NBA calls on MPs to rethink domestic production policies
The National Beef Association (NBA) is calling on politicians to discard their outdated approach to constrained domestic production and introduce new strategies to take account of increasing hunger and commodity shortages.
The National Beef Association is calling on politicians and supermarkets to take a look at the international food situation, give up their outdated approach to constrained agricultural production, and introduce new strategies to take account of increasing global hunger and growing commodity shortages.
"It is hard to believe that, in discussions over the direction of the latest CAP Health Check, policy-makers in the EU and the UK have still to acknowledge that, despite increasing international affluence, a bigger proportion of the world's population is going to bed hungry," explained NBA director Kim Haywood.
"Current agricultural policies place more reliance on imports than they should do, because they are still aimed at reducing the domestic production of temperate products that British farmers excel in and are targeted almost exclusively at encouraging non-production, social and environmental-based activities through the Rural Development Programme instead."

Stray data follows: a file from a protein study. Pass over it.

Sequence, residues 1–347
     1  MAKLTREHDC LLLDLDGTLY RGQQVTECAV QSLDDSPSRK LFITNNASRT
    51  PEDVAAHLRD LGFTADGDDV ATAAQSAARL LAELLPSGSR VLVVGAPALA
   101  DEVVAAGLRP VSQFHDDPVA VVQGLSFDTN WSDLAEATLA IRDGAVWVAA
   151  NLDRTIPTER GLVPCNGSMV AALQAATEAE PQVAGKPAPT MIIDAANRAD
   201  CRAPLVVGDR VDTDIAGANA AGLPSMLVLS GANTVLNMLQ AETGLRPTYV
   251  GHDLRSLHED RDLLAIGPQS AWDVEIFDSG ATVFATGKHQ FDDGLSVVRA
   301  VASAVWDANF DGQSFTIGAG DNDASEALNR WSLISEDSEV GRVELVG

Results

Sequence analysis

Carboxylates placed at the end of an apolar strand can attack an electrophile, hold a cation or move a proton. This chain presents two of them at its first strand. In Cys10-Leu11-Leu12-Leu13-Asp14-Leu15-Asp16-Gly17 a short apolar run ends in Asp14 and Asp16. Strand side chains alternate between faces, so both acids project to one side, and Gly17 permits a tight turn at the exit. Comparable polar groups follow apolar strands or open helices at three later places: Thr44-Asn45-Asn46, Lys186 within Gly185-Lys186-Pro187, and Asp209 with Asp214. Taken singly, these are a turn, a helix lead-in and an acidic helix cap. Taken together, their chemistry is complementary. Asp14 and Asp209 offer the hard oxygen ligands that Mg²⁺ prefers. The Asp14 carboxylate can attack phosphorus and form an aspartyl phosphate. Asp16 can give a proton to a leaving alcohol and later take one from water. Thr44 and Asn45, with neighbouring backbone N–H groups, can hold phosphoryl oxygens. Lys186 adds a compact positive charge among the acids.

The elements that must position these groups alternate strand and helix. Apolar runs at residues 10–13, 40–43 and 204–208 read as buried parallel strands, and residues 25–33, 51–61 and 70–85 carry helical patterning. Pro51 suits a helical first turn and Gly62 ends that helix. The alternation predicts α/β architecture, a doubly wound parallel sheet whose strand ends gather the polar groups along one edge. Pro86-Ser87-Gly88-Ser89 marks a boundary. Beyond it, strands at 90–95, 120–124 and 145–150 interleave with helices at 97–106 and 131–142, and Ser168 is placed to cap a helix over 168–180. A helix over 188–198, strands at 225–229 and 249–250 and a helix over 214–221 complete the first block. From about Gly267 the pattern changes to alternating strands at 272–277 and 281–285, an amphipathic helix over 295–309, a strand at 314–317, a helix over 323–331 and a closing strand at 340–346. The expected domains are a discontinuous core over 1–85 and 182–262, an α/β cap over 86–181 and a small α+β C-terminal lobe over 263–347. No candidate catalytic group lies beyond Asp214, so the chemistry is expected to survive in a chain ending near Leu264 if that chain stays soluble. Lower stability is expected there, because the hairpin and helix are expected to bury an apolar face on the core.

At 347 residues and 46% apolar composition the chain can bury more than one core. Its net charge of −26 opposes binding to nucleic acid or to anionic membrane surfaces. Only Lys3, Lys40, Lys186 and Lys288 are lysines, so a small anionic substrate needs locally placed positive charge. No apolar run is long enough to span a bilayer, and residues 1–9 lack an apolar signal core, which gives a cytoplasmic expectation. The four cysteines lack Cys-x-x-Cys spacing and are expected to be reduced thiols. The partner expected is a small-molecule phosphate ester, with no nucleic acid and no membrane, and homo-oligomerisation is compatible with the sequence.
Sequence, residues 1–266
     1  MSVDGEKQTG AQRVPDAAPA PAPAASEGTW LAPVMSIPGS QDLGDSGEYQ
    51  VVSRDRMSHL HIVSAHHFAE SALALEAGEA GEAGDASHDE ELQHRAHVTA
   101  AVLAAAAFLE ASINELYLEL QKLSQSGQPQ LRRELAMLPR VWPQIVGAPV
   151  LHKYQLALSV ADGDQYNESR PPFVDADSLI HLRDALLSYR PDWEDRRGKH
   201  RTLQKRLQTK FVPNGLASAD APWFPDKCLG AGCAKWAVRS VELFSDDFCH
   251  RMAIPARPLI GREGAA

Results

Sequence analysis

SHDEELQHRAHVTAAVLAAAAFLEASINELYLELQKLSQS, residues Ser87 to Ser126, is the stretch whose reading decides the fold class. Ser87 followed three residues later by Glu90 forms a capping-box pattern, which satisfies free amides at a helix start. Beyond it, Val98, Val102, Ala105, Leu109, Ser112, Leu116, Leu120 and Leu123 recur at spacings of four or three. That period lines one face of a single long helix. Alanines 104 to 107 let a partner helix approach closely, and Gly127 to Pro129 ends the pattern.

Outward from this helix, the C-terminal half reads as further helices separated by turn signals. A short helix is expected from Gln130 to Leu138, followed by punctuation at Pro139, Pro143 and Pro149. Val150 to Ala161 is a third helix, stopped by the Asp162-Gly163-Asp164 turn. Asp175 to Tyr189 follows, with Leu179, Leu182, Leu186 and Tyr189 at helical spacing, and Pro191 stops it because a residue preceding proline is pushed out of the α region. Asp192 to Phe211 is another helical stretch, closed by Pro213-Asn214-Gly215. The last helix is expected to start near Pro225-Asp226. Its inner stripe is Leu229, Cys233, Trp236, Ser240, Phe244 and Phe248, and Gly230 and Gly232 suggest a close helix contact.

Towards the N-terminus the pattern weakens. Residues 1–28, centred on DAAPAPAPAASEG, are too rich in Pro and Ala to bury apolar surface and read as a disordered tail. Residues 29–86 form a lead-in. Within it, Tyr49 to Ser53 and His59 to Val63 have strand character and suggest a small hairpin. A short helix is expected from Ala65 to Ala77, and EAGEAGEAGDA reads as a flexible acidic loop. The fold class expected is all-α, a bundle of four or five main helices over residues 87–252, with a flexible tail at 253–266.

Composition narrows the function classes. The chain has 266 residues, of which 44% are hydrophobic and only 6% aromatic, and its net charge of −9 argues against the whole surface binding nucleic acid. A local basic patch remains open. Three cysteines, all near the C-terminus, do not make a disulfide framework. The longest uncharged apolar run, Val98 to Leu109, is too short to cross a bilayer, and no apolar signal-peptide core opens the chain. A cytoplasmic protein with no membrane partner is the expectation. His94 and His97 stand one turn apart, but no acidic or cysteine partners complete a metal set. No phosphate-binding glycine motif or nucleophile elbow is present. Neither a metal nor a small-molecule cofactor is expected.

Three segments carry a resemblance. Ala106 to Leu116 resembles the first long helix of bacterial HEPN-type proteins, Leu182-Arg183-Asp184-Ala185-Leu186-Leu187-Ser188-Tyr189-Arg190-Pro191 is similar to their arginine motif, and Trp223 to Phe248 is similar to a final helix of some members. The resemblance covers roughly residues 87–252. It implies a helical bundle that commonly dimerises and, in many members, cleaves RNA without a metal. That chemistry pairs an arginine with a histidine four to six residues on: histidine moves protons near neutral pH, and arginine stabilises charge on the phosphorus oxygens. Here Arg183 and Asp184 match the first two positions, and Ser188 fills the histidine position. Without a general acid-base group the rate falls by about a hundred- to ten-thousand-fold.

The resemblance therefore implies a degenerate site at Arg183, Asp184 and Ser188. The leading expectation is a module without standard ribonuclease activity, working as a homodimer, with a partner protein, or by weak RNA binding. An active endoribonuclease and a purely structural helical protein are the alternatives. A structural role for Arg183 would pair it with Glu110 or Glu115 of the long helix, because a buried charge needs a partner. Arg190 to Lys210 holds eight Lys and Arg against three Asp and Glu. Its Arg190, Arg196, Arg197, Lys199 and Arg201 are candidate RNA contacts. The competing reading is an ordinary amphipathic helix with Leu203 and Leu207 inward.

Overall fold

Haywood added: "A new political emphasis is needed, in which policies designed to increase domestic output and then reduce UK and EU import demand are quickly adopted, so more food that was previously exported into Europe stays where it was grown and is used to feed the increasing numbers of hungry people in its many countries of origin."
The NBA also wants to encourage retailers to accept that British consumers will soon feel extremely uncomfortable at importation from countries that do not have enough food of their own - and will be looking to supermarkets to adopt policies in which food for sale in the UK has not been taken from other people's mouths.
"Retailers feel they can woo middle-class consumers, and occupy the moral high ground, if they push production policies on to their farmer suppliers, which embrace the over-dominant environmental and wildlife conservation principles adopted when temperate food was in plentiful supply," said Haywood.
"They need to appreciate that the world has changed and it is already a matter of urgency for UK and EU agriculture to produce more of what domestic consumers require from local resources and to be able to do this as efficiently as possible."
"This means that efficient farmers need to be encouraged to produce more, high provenance food, on a reasoned, cost-plus basis. Consumers who are aware of what is happening are not going to be happy if the food they eat is imported and arrives on their plate at the expense of hungry people in the country in which it was grown," Haywood added.